There has been incremental progress in other countries with last year witnessing the first female elected into the parliament of Nauru -the smallest state in the South Pacific – in three decades, and three women winning seats in the Cook Islands national election this July.
Women’s participation in local level governance received a boost in Tuvalu after the government passed a law requiring female representation in local councils. Blandine Boulekone, president of the Vanuatu National Council of Women, noted that women gained five of a total of 17 seats in the Municipal Elections held in the capital, Port Vila, in January.
Gender parity in education, necessary for improving women’s status in all areas of life, has, according to national statistics, been achieved in most Pacific Island states, except PNG, Tonga and Solomon Islands, with girls outperforming boys at the secondary level in Samoa and Fiji.
Nevertheless, the Pacific Islands Forum reported last year that “higher education for young women does not necessarily lead to better employment outcomes due to gender barriers in labour markets”, with most countries reporting less than 50 percent of women in non-agricultural waged jobs.
Last year Samoa passed legislation against sexual harassment and discrimination in the workplace, while similar draft legislation is being developed in Kiribati, Vanuatu and Tonga.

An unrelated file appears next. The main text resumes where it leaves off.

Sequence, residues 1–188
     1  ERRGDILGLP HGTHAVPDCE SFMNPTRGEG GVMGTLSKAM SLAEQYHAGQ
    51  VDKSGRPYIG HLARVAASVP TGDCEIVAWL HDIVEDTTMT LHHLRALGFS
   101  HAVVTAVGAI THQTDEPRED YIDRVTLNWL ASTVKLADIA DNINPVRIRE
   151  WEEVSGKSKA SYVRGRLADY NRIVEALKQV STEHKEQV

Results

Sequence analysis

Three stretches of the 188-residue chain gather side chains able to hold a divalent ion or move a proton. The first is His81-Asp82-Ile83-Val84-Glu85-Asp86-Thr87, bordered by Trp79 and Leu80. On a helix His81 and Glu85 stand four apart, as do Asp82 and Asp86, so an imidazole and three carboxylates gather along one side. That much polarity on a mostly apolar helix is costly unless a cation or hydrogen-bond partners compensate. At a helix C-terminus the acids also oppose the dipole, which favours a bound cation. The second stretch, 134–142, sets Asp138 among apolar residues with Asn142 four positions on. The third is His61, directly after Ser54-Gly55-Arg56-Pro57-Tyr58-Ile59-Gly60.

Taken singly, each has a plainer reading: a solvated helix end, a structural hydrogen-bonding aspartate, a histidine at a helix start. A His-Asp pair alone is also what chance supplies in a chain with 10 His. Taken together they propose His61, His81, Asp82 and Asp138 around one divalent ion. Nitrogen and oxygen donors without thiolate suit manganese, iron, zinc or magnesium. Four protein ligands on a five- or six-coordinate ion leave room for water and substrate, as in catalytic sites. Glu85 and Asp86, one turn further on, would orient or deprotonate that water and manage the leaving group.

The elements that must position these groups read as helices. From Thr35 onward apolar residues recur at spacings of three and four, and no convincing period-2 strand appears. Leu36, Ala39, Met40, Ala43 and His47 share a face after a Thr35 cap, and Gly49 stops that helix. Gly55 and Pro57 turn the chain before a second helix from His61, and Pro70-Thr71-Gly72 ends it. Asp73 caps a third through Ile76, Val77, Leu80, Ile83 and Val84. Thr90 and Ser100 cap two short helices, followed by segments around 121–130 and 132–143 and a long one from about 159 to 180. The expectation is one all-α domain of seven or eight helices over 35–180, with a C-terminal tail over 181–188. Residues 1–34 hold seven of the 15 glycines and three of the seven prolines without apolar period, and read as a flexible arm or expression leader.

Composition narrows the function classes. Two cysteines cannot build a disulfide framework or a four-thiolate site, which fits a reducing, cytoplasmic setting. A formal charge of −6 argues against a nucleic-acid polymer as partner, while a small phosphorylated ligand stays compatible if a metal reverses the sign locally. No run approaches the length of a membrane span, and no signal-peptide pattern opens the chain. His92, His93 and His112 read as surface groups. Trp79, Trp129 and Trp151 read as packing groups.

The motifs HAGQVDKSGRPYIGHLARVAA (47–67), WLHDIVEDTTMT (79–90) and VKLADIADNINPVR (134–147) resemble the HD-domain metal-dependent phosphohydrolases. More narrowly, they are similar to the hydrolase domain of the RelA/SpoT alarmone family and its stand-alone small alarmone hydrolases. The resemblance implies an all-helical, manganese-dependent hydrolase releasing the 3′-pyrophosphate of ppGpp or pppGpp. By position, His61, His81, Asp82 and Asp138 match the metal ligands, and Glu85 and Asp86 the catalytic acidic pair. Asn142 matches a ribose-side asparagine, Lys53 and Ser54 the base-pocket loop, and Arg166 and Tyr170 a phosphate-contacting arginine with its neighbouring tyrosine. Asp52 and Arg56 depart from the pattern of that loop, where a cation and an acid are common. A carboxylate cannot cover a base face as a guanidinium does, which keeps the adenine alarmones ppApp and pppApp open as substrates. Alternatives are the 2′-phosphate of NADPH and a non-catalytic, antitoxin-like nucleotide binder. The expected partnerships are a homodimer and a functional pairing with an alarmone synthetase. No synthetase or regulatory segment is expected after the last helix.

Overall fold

Pratt also claims there has been good progress with “the enactment of domestic violence legislation in Palau, Samoa, Tonga, Kiribati and Solomon Islands.” Last year domestic violence also became a criminal offence in PNG following the passing of the Family Protection Bill.
Sixty to 75 percent of women in the region experience family and intimate partner violence. Their vulnerability is exacerbated by early marriage, the practice of ‘bride price’, low levels of financial independence and women’s inadequate access to justice systems.
However, Shamima Ali, coordinator of the Fiji Women’s Crisis Centre, commented, “As practitioners on the ground, we can say that while all these policies and legislations look great on paper, the implementation is another matter.”
“One also needs to invest financially to ensure new legislation and policies are effective.”
Fiji has had a domestic violence decree since 2009, but Ali said, “While most magistrates and judges deal well and follow the new decrees, there are many who still display traditional entrenched views regarding rape and domestic violence and often injustice is meted out to survivors, particularly for ‘sex crimes’.”
Law enforcement is a great challenge, too, especially in rural communities.
“Women, girls and children in rural and maritime areas have little recourse to justice for crimes of violence committed against them due to lack of police presence and resources in these areas,” she said.
Pratt agrees that the road to real change in the lives of ordinary Pacific women is a long one.
“The declaration is still new and there is a need for more awareness, advocacy and accountability toward meeting the goals,” she emphasised.
Edited by Kanya D’Almeida